Young Men’s Clubs Against Violence

Research

Promundo carried out formative research in 2016 in Kinshasa, Democratic Republic of the Congo (DRC) to inform the development of the Young Men’s Clubs Against Violence (YMCAV) project. The research examined how to reduce violence-supportive norms and promote gender-equitable attitudes among young men; as well as how to effectively create environments, programs, and policies that prevent young men’s involvement in violent groups.

Programming

The project carries out gender-transformative group education for young men, challenging them to redefine what it means to be a man; creates supportive environments in schools and youth centers; and works to expand program and policy support from other Congolese stakeholders.

Advocacy

The program activities are complemented by advocacy initiatives that target key institutions to replicate and mainstream this evidence-based methodology as a best practice in urban violence prevention. Key institutions involved in the program include the police; the Ministry of Women, Families, and Children; the Ministry of Primary, Secondary Education, and New Citizenship; and the Ministry of Social Affairs.

 

Led by the Living Peace Institute (LPI), Promundo’s strategic partner in DRC, and Promundo, the YMCAV project aims to reduce street violence by both preventing 10- to 19-year-old boys from joining – and by helping them leave – Kulunas, or local street gangs, which are increasingly affecting the Kinshasa municipalities of Kintambo, Bumbu, and Makala. The Young Men’s Clubs Against Violence project is being implemented in partnership with the following organizations: Réseau des Educateurs des Enfants et Jeunes de la Rue en République Démocratique du Congo (REEJER), a Congolese network of NGOs working with street children; Aide à L’Enfance Defavorisée (AED), a prominent youth center working with street children in Kinshasa; and Coalition Nationale de l’Education pour tous (CONEPT), a network of educators in the DRC school system.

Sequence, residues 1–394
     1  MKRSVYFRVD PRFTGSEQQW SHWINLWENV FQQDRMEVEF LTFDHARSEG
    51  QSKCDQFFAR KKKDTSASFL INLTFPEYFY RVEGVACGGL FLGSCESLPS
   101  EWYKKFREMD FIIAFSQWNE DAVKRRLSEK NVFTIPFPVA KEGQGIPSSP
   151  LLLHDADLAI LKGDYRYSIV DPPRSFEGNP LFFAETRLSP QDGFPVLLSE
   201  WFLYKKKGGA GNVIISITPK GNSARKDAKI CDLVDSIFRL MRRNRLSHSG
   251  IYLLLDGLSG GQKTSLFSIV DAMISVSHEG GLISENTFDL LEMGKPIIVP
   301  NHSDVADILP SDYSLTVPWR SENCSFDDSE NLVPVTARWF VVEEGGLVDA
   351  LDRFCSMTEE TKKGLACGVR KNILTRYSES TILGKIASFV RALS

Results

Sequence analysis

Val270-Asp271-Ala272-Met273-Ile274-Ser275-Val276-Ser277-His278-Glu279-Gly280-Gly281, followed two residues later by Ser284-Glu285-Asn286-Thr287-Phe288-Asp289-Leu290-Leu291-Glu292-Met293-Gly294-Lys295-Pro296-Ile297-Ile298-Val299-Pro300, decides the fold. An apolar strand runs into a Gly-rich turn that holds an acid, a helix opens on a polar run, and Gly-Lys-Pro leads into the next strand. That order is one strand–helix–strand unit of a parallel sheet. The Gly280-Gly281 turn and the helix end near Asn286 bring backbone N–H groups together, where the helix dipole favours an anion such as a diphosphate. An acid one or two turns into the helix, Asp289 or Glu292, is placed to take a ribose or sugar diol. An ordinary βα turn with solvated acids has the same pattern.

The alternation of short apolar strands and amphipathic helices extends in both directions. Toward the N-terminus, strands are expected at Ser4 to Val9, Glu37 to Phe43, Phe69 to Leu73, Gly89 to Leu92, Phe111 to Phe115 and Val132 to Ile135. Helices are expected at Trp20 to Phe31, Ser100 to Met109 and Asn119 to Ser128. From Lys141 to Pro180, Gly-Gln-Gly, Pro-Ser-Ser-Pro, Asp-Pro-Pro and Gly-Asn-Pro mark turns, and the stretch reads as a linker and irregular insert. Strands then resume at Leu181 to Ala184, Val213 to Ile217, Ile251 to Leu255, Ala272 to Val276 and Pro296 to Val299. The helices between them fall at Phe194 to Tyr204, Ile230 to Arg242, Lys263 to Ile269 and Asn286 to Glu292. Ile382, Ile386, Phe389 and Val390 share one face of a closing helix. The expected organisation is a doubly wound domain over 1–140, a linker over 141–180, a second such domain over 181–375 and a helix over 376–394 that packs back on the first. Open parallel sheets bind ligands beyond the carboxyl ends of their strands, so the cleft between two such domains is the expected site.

In 2016, Promundo conducted formative research to inform the development of the Young Men’s Clubs Against Violence (YMCAV) project, a four-year project funded by the Swedish Embassy in Kinshasa, Democratic Republic of the Congo (DRC), that works to prevent and respond to urban violence carried out by local street gangs, known as “Kulunas,” in Kinshasa.

The formative research aimed to better understand how norms around manhood are related to the phenomenon of young men joining these street gangs in order to inform the development of the intervention. Specifically, the research explored:

  1. How to reduce violence-supportive norms, increase self-efficacy, and promote gender-equitable attitudes and behaviors among young men, ages 10 to 19, in the three targeted municipalities in Kinshasa;
  2. How to effectively create environments in schools and community youth centers that prevent young men’s involvement in violent groups; and
  3. How to expand sustainable program and policy support for the prevention of – and response to – young men’s recruitment and membership in violent groups, from targeted nongovernmental organizations (NGOs), schools, institutions, and relevant ministries in DRC.